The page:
Michael Crichton

Eaters Of The Dead

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Eaters Of The Dead Summary

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Michael Crichton’s 1976 historical novel Eaters of the Dead: The Manuscript of Ibn Fadlan Relating His Experiences with the Northmen in AD 922 tells the tale of a tenth-century Muslim Arab travelling with a group of Vikings. Sources that Crichton used as inspiration include Ahmad ibn Fadlan’s record of his true journey with Vikings and the legend of Beowulf. The book is alternately known as The 13th Warrior as it was reissued after a film adaptation was released under that title. The narrative approach varies in the novel. It is largely presented as an ancient manuscript being commented on from a scientific viewpoint. The narrative voice explains that the story being told is pieced together from commentaries and translations of the works of the original teller. Voices that share in the narrating include the narrator/editor, translators, and the original author. At times both actual and fictional sources are referred to.

Ibn Fadlan is sent by the Caliph of Bagdad to go on a journey to the North Country. As he begins his mission he meets a group of Vikings who have him join them on a different journey. They explain to Ibn Fadlan that tradition dictates that they need a group of thirteen men in order to undertake this journey and that it must be a foreigner who helps the group complete that total. Ibn Fadlan attempts to refuse but there is no way that he can avoid becoming part of the group. As they travel farther and farther into the Northern regions, Ibn Fadlan has mixed responses to what he encounters there. Some things engage his interest while other things shock him. All along he tries to remain true to the beliefs of the Muslim faith. The Vikings however do not like it when he prays or when he makes references to Allah. While Ibn Fadlan does not find the Vikings appealing at all, he begins to discover that their culture may not be completely different from his own.

The leader of the thirteen-man band travelling across the Rothgar kingdom is Buliwyf. It is learned that Buliwyf will become the king of his own realm if he is able to successfully return from the journey. The hall of Rothgar, it is reported by a messenger, is under attack by a vicious monster called the wendol. Due to his advanced age, Rothgar is unable to amass a group of warriors to mount a counter attack against the wendol. Buliwyf, in spite of a premonition indicating that he will not survive against the monster, agrees to battle the wendol.

A wendol has human-like traits but is not fully human. They are hairy monsters and they often attack suddenly. The leader of the wendols is an old female surrounded by snakes. She lives in an undersea cave. Buliwyf and his followers attempt to vanquish the wendol but they are not successful. A dwarf appears and tells them that the necessary course of action is to find the female deep in the thunder caves under the sea. Once they have killed the female, who is the mother, the wendol on land will be less powerful and easier for them to defeat.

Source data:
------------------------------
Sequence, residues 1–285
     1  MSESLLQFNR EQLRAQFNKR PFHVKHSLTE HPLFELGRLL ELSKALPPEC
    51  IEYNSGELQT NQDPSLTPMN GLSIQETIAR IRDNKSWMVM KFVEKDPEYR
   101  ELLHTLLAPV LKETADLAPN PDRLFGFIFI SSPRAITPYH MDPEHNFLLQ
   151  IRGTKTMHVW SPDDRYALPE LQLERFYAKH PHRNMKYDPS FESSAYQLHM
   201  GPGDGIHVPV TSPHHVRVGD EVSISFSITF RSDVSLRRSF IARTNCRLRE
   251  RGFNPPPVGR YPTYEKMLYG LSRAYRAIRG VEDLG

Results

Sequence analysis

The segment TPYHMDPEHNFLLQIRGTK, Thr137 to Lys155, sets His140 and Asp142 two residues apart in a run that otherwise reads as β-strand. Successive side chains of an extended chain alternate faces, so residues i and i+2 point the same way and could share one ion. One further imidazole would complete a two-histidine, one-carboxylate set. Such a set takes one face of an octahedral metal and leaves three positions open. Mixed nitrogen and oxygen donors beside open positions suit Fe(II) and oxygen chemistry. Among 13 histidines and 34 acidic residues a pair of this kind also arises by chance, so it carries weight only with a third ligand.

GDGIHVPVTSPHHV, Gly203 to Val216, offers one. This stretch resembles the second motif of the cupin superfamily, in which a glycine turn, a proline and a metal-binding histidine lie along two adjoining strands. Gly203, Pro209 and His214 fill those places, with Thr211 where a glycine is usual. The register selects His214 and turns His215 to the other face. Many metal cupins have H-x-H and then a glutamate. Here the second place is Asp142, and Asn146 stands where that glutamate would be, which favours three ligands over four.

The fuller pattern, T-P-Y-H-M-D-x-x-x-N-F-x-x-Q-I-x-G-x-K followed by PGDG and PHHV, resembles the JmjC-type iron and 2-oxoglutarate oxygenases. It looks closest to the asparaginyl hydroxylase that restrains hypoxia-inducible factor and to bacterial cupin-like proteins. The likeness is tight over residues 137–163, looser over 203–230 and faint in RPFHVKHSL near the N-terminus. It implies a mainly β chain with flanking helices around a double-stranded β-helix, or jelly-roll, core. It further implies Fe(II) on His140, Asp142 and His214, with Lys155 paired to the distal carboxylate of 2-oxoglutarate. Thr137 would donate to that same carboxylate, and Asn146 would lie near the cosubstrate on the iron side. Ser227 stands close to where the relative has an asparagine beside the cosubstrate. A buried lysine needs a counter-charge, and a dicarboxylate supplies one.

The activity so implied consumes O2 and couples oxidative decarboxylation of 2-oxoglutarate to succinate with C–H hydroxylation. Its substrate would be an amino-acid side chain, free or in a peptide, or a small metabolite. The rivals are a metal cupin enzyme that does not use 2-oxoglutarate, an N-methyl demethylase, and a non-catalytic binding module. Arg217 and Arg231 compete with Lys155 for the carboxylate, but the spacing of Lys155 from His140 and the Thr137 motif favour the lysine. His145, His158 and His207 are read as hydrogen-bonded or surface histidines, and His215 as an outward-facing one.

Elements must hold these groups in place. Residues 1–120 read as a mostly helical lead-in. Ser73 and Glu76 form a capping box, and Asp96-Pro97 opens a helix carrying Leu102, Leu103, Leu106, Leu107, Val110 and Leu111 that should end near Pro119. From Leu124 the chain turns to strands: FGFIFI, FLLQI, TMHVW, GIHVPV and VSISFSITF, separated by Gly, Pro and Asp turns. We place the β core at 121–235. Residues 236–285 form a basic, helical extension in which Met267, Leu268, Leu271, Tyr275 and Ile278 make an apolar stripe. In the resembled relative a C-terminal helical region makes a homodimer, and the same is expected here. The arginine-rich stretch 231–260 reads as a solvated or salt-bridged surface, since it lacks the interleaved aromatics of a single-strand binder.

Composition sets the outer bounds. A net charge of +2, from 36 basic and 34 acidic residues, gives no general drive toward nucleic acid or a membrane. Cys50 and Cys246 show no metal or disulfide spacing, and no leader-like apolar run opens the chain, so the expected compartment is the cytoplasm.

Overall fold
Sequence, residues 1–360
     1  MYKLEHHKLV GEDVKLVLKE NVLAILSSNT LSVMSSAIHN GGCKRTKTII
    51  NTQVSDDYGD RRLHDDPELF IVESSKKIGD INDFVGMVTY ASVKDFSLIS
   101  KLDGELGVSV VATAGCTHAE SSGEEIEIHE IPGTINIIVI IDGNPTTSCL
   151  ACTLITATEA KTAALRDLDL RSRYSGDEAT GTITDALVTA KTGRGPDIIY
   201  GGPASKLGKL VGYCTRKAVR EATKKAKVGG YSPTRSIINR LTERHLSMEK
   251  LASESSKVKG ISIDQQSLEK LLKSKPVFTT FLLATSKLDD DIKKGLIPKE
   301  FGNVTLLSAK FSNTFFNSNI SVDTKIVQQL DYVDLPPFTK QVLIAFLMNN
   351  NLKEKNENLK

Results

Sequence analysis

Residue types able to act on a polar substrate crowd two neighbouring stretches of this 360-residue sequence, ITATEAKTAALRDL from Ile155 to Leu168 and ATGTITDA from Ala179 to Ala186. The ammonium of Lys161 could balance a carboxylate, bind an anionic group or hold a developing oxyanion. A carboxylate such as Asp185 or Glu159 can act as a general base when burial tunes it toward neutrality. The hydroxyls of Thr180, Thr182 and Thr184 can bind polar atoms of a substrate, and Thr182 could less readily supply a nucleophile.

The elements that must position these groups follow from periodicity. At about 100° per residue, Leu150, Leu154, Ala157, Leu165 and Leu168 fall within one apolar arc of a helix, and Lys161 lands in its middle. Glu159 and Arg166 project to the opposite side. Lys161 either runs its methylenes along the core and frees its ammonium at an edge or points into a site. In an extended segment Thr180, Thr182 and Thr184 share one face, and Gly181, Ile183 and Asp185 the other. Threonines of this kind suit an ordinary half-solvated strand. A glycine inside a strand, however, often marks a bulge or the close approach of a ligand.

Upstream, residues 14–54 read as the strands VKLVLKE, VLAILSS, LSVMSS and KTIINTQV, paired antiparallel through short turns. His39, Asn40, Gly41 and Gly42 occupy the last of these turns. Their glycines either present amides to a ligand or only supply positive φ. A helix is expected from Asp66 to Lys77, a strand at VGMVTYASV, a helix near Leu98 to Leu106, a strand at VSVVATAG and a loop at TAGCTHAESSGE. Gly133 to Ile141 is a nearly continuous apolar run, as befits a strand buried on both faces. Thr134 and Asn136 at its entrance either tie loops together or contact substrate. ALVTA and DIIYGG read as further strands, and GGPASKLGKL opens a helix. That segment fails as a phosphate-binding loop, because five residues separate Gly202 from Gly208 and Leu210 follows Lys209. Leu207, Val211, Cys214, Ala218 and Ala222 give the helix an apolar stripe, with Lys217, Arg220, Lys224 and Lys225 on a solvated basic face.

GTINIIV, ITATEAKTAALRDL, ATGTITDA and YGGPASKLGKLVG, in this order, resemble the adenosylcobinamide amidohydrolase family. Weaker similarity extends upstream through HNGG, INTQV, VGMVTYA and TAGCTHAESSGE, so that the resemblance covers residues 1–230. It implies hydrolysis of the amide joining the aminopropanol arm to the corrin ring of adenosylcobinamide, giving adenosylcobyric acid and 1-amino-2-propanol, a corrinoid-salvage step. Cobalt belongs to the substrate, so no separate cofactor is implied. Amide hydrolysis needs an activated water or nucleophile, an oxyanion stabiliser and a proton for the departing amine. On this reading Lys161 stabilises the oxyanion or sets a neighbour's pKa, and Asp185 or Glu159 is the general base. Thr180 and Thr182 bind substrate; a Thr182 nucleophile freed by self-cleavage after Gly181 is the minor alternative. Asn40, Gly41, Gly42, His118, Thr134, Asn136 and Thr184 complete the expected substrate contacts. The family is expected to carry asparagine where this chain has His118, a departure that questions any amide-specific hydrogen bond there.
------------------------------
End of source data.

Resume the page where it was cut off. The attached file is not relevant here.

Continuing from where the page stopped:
Ibn Fadlan lacks battle experience but never the less, he is expected to take part in the battle along with Buliwyf and the other Vikings. In short order Ibn Fadlan finds himself involved in the battle and having his way with slave women the same way the Vikings do. As different cultures begin to blend Ibn Fadlan stays true to the tenets of his Muslim background while at the same time adopting many of the Viking ways. As a result of his active and willing participation in the activities of the Vikings, Ibn Fadlan earns a place of honor among them and in Rothgar’s Hall. Ibn Fadlan is among the warriors selected to be part of the funeral rites for Buliwyf who was poisoned during his battle with the mother of wendol. This is considered an honorable death for Buliwyf as he died in battle, thus earning a place alongside the gods and the heroes who met their deaths before him. In spite of the lofty position he has obtained, Ibn Fadlan is anxious to return to his native land and continue with his original mission for the Caliph, and is granted permission to go back. Just prior to taking his leave he promises the Vikings that he will write about their adventures including the battle and the story of the heroic Buliwyf.

While not viewed purely as a retelling of the Beowulf epic, Eaters of the Dead and that earlier work share many similarities. In each, a king turns to a hero from far away to help kill a monster that is a threat to his kingdom. Both heroes undertake a great battle and ultimately defeat their opponents. The heroes in the end suffer fatal wounds as a result of their heroic deeds.